The Commission has held that section 56.11001 comprises the “dual requirements of providing and maintaining safe access to working places.” Watkins Eng’g & Constructors, 24 FMSHRC 669, 680 (July 2002) (citation omitted). The Commission has previously used a plain meaning approach when interpreting this safety standard. See W. Indus. Inc., 25 FMSHRC 449, 452 (Aug. 2003) (applying the judge’s definition of “safe” as “secure from threat of danger, harm, or loss”); Lopke Quarries, Inc., 23 FMSHRC 705, 707–08 (July 2001) (using the plain meaning of the word “maintained” in the regulation). Unlike OSHA, MSHA has not specified a specific height requirement, instead opting for the more general language of “safe means of access.” Thus, a “five foot elevation is neither inherently safe nor inherently unsafe; site specific conditions must be taken into account.” Boart Longyear Co., 36 FMSHRC 106, 113 (Jan. 2014) (ALJ) (challenging respondent’s contention that an elevation of five feet does not create a danger of falling for a section 56.15005 citation).
As discussed previously, MSHA cannot be estopped from enforcing its regulations simply because it did not previously cite the mine operator. See Mainline Rock & Ballast, Inc., 693 F.3d at 1187. Instead, reliance on an MSHA inspector’s incorrect interpretation can reduce the level of the operator’s negligence, which will be discussed in the section below.
Here, there was a risk of falling from bench 2 to bench 1 given that there was no railing in place on the right side of bench 2. Additionally, the ladder to bench 3 was both footless and significantly damaged on its left rail, which presented the possibility of a slip or collapse while in use. Neither of these conditions allowed miners accessing bench 2 to be secure from threat of danger, harm, or loss. Accordingly, I determine that Cormier Construction failed to provide and maintain a safe means of access for benches 2 and 3 and violated 30 C.F.R. § 56.11001 as alleged in Citation No. 9311394.
2. S&S and Gravity
To establish the first element of the Mathies test, the Secretary must prove an underlying violation of a mandatory safety standard. Cormier Construction’s violation of section 56.11001 does that.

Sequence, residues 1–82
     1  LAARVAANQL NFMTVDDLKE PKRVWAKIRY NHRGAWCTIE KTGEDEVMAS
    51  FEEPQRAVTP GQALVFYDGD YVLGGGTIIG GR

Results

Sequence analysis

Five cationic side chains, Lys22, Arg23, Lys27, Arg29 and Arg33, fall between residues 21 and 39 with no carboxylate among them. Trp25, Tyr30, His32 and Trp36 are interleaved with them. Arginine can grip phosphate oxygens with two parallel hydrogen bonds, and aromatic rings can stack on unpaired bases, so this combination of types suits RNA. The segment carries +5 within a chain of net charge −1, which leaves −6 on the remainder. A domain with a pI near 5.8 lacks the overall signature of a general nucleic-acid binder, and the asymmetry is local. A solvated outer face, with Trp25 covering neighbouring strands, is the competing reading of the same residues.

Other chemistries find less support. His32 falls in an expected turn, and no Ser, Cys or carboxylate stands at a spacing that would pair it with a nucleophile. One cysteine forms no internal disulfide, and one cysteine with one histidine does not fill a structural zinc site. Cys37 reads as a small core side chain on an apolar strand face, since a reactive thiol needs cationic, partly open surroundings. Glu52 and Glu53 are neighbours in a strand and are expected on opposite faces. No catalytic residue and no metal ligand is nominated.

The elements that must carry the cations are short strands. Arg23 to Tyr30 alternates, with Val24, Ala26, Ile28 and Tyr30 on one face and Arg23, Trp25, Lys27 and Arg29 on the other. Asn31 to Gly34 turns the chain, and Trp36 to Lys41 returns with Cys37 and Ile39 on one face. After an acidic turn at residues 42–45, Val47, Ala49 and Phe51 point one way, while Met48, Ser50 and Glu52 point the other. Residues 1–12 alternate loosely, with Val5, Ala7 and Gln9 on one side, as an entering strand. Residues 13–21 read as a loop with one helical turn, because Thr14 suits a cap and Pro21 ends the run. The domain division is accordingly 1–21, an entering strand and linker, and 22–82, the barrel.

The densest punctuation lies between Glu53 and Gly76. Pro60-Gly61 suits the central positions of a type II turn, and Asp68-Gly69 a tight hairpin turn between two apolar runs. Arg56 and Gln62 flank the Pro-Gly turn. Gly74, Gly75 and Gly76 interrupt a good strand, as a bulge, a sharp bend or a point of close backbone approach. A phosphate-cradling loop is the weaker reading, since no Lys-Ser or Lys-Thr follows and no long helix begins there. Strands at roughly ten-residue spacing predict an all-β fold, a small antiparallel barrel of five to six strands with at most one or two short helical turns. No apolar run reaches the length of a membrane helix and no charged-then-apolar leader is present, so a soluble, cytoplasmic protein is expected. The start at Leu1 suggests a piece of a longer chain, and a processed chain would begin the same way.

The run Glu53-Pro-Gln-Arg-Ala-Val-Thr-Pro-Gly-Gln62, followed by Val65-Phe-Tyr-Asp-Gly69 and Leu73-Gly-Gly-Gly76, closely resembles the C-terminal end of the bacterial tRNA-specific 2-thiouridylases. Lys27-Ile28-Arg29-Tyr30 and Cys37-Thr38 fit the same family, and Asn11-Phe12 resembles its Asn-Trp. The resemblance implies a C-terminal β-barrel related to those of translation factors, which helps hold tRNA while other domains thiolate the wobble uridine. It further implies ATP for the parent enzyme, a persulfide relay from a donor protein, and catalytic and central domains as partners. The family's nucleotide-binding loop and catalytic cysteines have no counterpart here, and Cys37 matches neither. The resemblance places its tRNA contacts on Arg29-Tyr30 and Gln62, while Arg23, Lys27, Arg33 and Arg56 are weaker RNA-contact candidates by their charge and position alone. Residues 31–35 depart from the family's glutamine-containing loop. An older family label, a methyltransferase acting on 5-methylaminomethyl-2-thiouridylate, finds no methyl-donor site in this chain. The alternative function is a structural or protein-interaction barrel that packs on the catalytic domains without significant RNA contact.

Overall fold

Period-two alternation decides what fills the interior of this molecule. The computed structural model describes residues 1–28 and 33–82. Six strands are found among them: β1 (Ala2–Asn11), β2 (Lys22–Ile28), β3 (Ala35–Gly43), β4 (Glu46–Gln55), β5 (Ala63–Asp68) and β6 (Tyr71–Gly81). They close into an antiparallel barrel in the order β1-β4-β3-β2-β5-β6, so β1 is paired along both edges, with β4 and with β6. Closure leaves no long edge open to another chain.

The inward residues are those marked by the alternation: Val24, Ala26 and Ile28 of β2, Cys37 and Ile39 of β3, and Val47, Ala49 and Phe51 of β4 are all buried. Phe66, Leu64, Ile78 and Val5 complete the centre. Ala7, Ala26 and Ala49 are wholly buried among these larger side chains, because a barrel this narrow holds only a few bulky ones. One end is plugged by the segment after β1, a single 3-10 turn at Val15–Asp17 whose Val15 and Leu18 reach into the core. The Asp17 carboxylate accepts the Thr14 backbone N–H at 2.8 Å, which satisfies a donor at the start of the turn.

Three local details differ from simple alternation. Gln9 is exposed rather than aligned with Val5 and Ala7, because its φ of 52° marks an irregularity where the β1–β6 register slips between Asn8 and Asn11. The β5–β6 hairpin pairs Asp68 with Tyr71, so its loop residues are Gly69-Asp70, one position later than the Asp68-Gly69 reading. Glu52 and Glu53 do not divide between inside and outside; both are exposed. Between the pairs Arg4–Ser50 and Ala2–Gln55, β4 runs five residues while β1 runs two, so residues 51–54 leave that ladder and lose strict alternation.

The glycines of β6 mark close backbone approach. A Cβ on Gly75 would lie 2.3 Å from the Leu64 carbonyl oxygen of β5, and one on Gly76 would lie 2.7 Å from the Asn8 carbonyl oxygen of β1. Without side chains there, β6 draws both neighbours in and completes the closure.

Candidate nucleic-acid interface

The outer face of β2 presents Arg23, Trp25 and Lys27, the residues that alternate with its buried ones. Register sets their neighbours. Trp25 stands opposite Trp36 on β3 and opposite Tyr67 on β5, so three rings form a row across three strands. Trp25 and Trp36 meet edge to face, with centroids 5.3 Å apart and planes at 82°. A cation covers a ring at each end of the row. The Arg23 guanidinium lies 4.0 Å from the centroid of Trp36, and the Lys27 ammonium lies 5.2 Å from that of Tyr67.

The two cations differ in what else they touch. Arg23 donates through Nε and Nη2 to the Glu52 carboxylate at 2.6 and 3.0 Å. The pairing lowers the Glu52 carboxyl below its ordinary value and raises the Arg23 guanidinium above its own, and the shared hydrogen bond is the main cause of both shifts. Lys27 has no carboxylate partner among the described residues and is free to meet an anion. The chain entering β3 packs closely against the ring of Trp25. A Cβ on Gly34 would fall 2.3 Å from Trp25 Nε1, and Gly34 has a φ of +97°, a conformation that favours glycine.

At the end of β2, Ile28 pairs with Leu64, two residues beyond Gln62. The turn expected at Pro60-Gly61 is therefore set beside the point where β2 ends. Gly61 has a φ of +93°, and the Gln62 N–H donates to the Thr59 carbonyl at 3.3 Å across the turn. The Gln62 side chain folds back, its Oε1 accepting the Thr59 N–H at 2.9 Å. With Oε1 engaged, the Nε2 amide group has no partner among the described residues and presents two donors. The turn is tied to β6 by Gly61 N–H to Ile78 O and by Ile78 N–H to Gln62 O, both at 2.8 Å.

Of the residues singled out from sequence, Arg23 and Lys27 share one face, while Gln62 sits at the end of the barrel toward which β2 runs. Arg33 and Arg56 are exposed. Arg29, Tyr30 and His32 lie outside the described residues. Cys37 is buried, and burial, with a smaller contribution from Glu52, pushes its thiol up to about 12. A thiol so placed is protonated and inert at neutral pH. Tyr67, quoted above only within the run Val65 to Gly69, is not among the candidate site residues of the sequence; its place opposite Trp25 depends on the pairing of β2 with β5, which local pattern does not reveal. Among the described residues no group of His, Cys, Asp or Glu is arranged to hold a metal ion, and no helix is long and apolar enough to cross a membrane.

For the second Mathies element, the Secretary must show that the violation created a reasonable likelihood the hazard section 56.11001 aims to prevent would occur. In this case, the standard aims to prevent a fall. (See Tr.40:9–12; Jt. Stip. 14; Ex. S–12) Powers assessed that a fall was reasonably likely since the footless ladder was used multiple times per shift. (Tr.39:19–22) He also noted on his citation documentation (MSHA Form 4000–49E) that no tie-off points were available. (Ex. S–12)
On cross examination, Powers clarified that he based his assessment that the footless ladder on bench 2 was used multiple times solely on statements made by Ray that miners had been going up to bench 3 to retrieve tools and do some cleanup. (Tr.58:16–23) However, Powers testified that the ladder had been put in place at the end of the previous shift (Tr.36:11–13), and his citation documentation noted the footless ladder was placed on bench 2 for temporary use. (Ex. S–12) Nevertheless, his understanding was that this was a repeat process. (Tr.59:7–10)
Powers testified that the footless ladder could slide out while in use. (Tr.38:8) Moreover, the work environment was wet, increasing the possibility that the ladder would slide out. (Tr.38:9–13) Cormier countered by suggesting the footless ladder was actually secure—and possibly more secure than a footed ladder—due to the notched texture at the top of bench 2. (Tr.56:21–57:16) According to Cormier, when the block was lifted, drill lines and perforations were created on the top surface of bench 2, which functioned as divots to hold the footless ladder in place. (Tr.57:12–24)
Respondent did not provide further evidence to support its argument that the alleged drill lines and perforations created a safe surface on bench 2 for the footless ladder. But even assuming the surface of bench 2 was safer for a footless ladder than a footed ladder, Respondent did not address the severe damage on the ladder’s left rail. Unlike the damage on rung #8 of the ladder from Citation No. 9311390, the damage on the left rail of the footless ladder was significant, possibly affecting the structural integrity of the ladder. (Compare Ex. S–5 at 1, with Ex. S–11 at 1–3)
Weighing these factors—with the temporary use of the ladder on one hand and the railing-less edge of bench 2 and the multiple problems with the ladder, especially the damaged left rail, on the other—and assuming continued normal mining operations, I conclude that a fall was reasonably likely to occur.
Vis-à-vis the third and fourth Mathies elements, the Secretary must demonstrate a reasonable likelihood the hazard will result in a reasonably serious injury. In analyzing the third element, I must assume the existence of the hazard identified in the second Mathies element. Newtown, 38 FMSHRC at 2045.
Assuming a fall from the footless ladder, a miner could be expected to fall in one of three ways: to the right side, backward, or to the left side. A fall to the right side would result in a fall to bench 2, a distance of up to 7 feet. (See Ex. S–11 at 1, 2, 4) A fall backward would result in a fall to either bench 2 or down to bench 1, a distance of up to 13 feet. (See Exs. S–8 at 3–5, S–11 at 2, 4) A fall to the left side would result in a fall to bench 2 or, more likely, bench 1, a fall of up to 13 feet. (See Exs. S–8 at 3–5, S–11 at 1, 2, 4) Assuming a fall from a standing position on bench 2, a miner would fall to bench 1, a fall of approximately 6 feet. (See Exs. S–8 at 3–5, S–11 at 2, 4)